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Caliber Builders, Inc. v. Zoning Board of Adjustment of the Borough of Paramus

A-3357-04T2 (N.J. Super. App. Div. 2006) (Unpublished)

ZONING; VARIANCES — Because the people who sit on local boards, have a peculiar knowledge of local conditions, a zoning board has wide latitude within which to exercise its discretion to grant or deny a variance request.

A commercial developer applied for a use variance to the zoning board of adjustment for the construction of a senior citizen congregate care facility. The facility was to house independent and semi-independent seniors. The property sat within a flood plain, and the construction plans called for an underground parking garage. The developer’s engineer confirmed that had the parking garage existed in the past, it would have flooded approximately three times in the prior fifty years. The engineer’s only proposed solution was to require the senior citizens to move their cars in the event of flooding. Similarly, the developer’s architect conceded that the underground garage was susceptible of flooding. Further, if approved, the facility would be built along a busy street near other senior housing.

At the board’s hearings, board members expressed concern over the impact additional senior citizens would have on traffic flow and congestion. Consequently, the board denied the variance application, finding: (i) not credible the developer’s testimony regarding the driving habits of its intended residents; (ii) that traffic problems would become burdensome; (iii) the facility was not needed as there were other senior housing facilities in the municipality; (iv) the governing body intended to exclude senior housing from the zone in which the proposed facility would be built; and (v) it is inappropriate to build a senior housing facility in an area susceptible to flooding. The applicant sued, and the lower court reversed the board’s denial of the use variance application.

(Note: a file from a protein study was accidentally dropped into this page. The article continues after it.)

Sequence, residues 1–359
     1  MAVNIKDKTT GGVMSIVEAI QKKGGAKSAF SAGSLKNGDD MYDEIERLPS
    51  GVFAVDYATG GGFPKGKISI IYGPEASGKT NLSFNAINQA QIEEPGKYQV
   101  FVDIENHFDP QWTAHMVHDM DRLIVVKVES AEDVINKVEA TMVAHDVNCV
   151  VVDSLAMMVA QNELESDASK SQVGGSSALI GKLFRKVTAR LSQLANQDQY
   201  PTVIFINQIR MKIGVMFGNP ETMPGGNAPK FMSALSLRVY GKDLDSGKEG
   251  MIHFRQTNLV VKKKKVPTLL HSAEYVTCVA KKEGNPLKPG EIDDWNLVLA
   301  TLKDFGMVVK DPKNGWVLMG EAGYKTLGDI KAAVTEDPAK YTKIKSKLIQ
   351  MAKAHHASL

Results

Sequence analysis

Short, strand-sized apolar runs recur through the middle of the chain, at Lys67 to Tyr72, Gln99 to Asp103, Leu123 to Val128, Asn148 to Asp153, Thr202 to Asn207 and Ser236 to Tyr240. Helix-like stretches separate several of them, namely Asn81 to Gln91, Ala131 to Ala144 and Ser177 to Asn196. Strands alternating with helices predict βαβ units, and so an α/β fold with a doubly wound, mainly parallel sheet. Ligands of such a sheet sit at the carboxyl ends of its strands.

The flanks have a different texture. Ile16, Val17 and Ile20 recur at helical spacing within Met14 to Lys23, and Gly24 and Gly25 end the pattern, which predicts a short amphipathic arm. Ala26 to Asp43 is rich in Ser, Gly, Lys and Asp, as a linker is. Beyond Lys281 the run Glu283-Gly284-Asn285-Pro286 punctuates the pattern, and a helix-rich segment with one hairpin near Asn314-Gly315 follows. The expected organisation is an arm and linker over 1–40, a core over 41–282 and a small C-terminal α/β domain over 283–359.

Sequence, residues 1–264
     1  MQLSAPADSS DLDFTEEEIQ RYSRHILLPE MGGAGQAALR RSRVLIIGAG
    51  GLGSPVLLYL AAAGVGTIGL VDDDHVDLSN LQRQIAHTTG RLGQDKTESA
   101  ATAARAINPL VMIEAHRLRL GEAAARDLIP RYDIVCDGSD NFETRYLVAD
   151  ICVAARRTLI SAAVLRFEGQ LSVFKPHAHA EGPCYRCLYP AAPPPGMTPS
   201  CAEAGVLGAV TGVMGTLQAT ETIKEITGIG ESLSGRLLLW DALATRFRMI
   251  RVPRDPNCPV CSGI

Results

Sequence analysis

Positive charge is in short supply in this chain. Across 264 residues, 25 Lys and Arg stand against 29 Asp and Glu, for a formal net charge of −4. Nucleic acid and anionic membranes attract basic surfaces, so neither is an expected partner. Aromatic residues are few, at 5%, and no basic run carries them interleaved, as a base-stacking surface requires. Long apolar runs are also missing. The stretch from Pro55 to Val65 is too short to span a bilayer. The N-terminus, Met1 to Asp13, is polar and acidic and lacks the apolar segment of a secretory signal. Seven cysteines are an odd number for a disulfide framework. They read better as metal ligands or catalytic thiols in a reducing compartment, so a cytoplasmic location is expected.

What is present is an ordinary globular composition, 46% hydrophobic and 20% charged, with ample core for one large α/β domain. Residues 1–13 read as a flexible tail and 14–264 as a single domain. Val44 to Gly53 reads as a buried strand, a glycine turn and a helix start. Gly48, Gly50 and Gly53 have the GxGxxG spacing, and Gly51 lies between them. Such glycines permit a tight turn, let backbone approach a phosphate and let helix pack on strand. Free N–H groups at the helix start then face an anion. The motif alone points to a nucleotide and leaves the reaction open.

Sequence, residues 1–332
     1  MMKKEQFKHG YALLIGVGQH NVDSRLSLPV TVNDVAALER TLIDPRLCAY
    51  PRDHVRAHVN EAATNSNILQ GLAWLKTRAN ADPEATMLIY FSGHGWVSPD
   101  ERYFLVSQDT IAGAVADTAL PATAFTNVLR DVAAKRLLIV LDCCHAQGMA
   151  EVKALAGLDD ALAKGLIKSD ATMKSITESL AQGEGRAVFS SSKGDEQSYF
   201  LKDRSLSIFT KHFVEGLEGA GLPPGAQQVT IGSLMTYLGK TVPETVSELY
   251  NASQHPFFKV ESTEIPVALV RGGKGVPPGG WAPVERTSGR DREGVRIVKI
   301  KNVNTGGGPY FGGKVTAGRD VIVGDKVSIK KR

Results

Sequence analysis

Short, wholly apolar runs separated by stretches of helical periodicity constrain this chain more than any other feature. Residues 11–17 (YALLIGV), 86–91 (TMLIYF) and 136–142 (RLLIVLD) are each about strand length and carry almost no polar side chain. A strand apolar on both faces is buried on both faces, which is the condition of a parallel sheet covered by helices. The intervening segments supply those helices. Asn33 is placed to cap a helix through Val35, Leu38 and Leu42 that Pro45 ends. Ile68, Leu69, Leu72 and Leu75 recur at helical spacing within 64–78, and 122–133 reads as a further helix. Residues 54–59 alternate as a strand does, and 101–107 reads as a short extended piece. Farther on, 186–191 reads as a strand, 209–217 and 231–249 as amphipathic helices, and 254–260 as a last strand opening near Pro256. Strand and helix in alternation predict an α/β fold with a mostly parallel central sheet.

Because the people who sit on local boards have a peculiar knowledge of local conditions, a zoning board has wide latitude within which to exercise its discretion to grant or deny a variance request. Decisions of a local board may be reversed only if they are arbitrary, capricious or unreasonable. In the presence of substantial evidence supporting a board’s decision, a reviewing court should not substitute its judgment for the that of the board. Although senior citizen housing is inherently beneficial, the variance application may be denied if the negative factors constitute a substantial detriment to the public good.

Based on the record, the Appellate Division found that the board weighed all factors and concluded that the detrimental effects substantially outweighed the positive and could not be mitigated. In light of the traffic and flooding problems, the board’s decision was found not to be arbitrary, capricious or unreasonable. The lower court judgment was reversed and the board’s denial of the variance application was reinstated. The developer argued that because the proposed facility would accommodate semi-independent senior citizens, the denial of the use variance violated the Federal Fair Housing Amendments Act. That Act precludes housing discrimination against handicapped persons. However, the developer presented no evidence that the residents of its facility would be handicapped. In fact, the proposed congregate care facility would have been available to independent seniors, presumably without any handicap. Because the developer failed to present evidence that its intended residents would be handicapped, the Court held that the lower court properly dismissed the developer’s claim.


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